The trail cutting across Havelock is only partially paved — the city couldn’t afford to finish what it started nearly 25 years ago, and hasn’t been able to pay for it since.
It’s uneven in places. The city can’t clear snow from the limestone during winter, making the Murdock Trail temporarily useless to cyclists and other users.
“This poor trail has been so ignored,” said Elaine Hammer of the Great Plains Trails Network. “It isn’t really that it got the shaft, it just never won the battle of getting grant money.”
But runners have learned to love it, finding the Murdock’s limestone stretches more forgiving.
“We want to be on soft surfaces as much as possible,” said Ted Bulling, track and cross country coach at Nebraska Wesleyan University. “As serious runners, we want to stay off the hard concrete as much as possible.”
Three to four times a week, dozens of Wesleyan athletes run north from campus to the trail and then head east, through Havelock and into the countryside. They’ve logged those miles for years.
“Every day in the fall, we were on it,” said Ann Ringlein, a former Wesleyan coach and vice president of the Lincoln Track Club’s board of directors. “It’s beautiful. It’s a great route.”
As manager of the Lincoln Running Company, Ringlein often hears from runners about Lincoln’s lack of limestone. “The first thing people who have moved here or are visiting, they say, ‘Where are the soft trails?’"
If they didn't want to travel to the edge of town — to the MoPac or the Jamaica North trails — their only choice was the Murdock Trail.
But the city’s Parks and Recreation Department views that trail as an unfinished puzzle piece in Lincoln’s 135-mile paved trail system. With northeast Lincoln growing, particularly on the trail’s east end near 84th Street, the Murdock Trail needs to be able to carry more weight, more of the time.
“When I look at that neighborhood, it’s really underserved by concrete, four-season trails,” said Sara Hartzell, a parks planner.
The city saw the potential conflict: Paving the trail would alienate runners; not paving it would continue to shortchange cyclists and stroller-pushers.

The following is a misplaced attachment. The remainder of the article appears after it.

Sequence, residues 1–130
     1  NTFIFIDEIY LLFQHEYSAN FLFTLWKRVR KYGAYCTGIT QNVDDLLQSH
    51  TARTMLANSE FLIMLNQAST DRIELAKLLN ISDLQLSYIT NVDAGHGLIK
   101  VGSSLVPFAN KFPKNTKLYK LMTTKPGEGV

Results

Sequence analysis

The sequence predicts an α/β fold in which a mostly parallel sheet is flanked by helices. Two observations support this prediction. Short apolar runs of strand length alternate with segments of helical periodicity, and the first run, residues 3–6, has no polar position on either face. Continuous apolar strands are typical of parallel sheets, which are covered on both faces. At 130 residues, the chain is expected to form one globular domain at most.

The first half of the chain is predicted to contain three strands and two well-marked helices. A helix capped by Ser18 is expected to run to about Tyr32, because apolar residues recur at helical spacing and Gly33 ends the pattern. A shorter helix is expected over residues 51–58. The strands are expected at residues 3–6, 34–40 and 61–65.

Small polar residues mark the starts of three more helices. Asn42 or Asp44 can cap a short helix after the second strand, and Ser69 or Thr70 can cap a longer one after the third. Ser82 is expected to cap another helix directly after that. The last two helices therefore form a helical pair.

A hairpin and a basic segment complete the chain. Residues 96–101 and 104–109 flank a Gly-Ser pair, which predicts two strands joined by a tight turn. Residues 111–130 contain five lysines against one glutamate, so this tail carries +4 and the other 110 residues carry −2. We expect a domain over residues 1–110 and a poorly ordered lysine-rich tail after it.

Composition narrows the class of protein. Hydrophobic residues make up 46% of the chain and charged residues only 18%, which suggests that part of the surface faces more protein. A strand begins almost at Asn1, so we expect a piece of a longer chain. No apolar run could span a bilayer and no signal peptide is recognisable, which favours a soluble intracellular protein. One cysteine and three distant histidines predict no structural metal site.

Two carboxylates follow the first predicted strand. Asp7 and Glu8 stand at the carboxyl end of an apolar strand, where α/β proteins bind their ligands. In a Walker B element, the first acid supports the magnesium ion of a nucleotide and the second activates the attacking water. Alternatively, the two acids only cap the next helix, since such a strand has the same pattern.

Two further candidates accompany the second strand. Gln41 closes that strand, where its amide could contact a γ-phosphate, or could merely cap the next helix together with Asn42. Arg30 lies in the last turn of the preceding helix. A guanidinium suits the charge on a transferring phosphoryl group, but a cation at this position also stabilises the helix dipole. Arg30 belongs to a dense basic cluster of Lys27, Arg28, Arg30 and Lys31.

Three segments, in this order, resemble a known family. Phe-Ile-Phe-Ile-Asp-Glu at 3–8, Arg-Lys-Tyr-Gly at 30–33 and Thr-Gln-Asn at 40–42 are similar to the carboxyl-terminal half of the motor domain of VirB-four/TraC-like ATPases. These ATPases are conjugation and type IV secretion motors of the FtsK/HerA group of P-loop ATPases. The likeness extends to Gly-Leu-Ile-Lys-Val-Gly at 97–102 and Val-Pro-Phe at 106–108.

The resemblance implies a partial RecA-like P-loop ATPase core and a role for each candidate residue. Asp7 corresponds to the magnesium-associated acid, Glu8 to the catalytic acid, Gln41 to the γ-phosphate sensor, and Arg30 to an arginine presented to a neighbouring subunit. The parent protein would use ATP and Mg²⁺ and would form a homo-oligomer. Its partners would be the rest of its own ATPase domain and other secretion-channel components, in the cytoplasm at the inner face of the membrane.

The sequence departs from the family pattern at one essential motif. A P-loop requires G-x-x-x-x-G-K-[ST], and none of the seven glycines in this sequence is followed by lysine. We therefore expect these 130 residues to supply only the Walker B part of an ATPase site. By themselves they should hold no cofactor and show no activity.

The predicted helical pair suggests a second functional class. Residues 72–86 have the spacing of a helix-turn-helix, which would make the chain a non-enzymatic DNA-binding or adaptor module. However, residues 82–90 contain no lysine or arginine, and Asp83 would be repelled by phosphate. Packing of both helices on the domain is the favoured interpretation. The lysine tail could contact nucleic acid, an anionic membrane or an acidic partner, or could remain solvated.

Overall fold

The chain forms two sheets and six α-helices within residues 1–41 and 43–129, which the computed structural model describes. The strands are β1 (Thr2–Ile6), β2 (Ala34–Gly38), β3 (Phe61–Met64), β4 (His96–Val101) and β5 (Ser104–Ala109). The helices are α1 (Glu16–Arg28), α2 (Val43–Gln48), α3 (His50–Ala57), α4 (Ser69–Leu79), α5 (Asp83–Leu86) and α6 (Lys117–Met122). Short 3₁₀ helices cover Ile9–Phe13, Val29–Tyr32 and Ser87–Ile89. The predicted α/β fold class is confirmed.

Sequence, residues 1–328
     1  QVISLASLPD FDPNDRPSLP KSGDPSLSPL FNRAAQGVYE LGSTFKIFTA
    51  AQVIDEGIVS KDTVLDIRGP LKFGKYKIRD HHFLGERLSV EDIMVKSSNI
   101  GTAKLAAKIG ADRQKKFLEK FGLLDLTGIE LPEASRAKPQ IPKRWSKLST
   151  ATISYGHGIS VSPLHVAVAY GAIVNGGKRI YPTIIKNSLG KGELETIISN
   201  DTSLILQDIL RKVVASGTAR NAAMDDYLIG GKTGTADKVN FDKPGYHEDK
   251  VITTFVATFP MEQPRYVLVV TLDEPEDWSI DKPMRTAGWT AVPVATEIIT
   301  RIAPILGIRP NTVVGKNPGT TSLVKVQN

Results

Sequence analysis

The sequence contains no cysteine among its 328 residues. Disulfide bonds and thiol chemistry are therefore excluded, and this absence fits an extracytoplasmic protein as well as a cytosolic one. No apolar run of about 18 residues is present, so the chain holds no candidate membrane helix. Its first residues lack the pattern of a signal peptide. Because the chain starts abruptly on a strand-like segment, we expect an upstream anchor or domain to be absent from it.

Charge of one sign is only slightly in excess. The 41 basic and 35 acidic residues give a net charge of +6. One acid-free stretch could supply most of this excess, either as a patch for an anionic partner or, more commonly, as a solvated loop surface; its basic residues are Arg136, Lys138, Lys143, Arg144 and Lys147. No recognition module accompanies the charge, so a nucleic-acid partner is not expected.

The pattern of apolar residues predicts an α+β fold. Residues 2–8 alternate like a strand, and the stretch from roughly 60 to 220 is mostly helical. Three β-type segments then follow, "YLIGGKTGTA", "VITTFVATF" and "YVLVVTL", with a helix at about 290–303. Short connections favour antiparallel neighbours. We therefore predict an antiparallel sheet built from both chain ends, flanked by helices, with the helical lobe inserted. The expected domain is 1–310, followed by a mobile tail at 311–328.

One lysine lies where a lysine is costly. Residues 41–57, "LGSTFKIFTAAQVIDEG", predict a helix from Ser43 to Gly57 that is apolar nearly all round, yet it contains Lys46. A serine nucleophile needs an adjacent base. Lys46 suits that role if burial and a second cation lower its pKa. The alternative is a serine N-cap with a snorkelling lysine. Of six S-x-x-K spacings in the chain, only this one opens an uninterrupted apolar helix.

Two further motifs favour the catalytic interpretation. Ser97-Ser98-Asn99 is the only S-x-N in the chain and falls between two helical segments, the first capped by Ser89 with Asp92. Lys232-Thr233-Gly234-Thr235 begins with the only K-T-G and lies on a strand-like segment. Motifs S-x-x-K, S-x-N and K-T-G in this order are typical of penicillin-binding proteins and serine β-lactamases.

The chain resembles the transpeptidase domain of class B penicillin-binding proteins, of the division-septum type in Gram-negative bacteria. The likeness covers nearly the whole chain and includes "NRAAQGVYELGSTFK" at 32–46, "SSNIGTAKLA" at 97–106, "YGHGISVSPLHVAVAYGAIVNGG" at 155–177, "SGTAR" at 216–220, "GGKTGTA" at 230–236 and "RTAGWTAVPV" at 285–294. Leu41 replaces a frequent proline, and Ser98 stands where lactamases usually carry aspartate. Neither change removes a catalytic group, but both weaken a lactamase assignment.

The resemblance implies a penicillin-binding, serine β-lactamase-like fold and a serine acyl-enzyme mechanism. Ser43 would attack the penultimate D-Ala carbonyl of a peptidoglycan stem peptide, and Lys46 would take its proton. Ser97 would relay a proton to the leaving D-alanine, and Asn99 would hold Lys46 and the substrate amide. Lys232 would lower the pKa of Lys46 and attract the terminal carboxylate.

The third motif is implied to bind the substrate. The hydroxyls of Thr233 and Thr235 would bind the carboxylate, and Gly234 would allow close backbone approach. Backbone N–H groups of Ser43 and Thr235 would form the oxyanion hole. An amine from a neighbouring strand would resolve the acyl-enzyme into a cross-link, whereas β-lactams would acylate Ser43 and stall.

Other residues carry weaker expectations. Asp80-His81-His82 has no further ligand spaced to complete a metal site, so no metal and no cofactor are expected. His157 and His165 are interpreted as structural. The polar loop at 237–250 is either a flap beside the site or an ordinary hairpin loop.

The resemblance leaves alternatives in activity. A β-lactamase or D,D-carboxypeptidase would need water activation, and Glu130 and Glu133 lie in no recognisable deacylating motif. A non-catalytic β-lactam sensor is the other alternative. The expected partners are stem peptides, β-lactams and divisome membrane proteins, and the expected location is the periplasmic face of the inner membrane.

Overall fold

“There was some resistance when we started talking about paving it,” Hartzell said. “We started thinking, ‘Is there some other way to do this?’”
There was, in Scottsdale, Arizona, and at Petroglyph National Monument in New Mexico, and in other areas that accommodate the two types of trail users by simply building two trails.
Late next year, the city plans to start replacing a stretch of the Murdock Trail — from Touzalin Avenue to 70th Street — by building a 10-foot-wide concrete corridor with a 4-foot-wide limestone path alongside it.
This is new to Lincoln, and engineers are still working on the design. They need to determine the best fit for both in the trail corridor — whether they’re flush with each other or separated by a buffer — and how to prevent the concrete from draining on the limestone, Hartzell said.
It's also an expensive compromise; the estimated cost is $600,000. The city will contribute about $160,000, and the Great Plains Trails Network and Lincoln Track Club are raising the rest, with matching dollars from the Jayne Snyder Memorial Fund.
But it was time to do something with the Murdock Trail, Hammer said.
“We said, ‘Let’s see if we can get it done.’ We’ll just have to raise the money and use all of the resources we can find to finally get this finished.”
When it’s done, that stretch of the Murdock Trail will be Lincoln’s first side-by-side trail. But likely not its last, Hartzell said: If it works, the city could add limestone paths along other trails.